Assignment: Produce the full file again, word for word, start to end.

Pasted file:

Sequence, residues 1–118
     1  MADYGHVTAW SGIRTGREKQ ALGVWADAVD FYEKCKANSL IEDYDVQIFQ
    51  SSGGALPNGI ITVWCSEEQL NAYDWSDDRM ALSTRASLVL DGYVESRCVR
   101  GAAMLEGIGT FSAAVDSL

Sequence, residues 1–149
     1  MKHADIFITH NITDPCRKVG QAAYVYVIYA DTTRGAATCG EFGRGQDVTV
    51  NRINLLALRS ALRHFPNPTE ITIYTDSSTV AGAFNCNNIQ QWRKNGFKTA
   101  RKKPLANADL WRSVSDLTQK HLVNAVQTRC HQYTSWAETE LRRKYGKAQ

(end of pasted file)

Sequence, residues 1–118
     1  MADYGHVTAW SGIRTGREKQ ALGVWADAVD FYEKCKANSL IEDYDVQIFQ
    51  SSGGALPNGI ITVWCSEEQL NAYDWSDDRM ALSTRASLVL DGYVESRCVR
   101  GAAMLEGIGT FSAAVDSL

Sequence, residues 1–149
     1  MKHADIFITH NITDPCRKVG QAAYVYVIYA DTTRGAATCG EFGRGQDVTV
    51  NRINLLALRS ALRHFPNPTE ITIYTDSSTV AGAFNCNNIQ QWRKNGFKTA
   101  RKKPLANADL WRSVSDLTQK HLVNAVQTRC HQYTSWAETE LRRKYGKAQ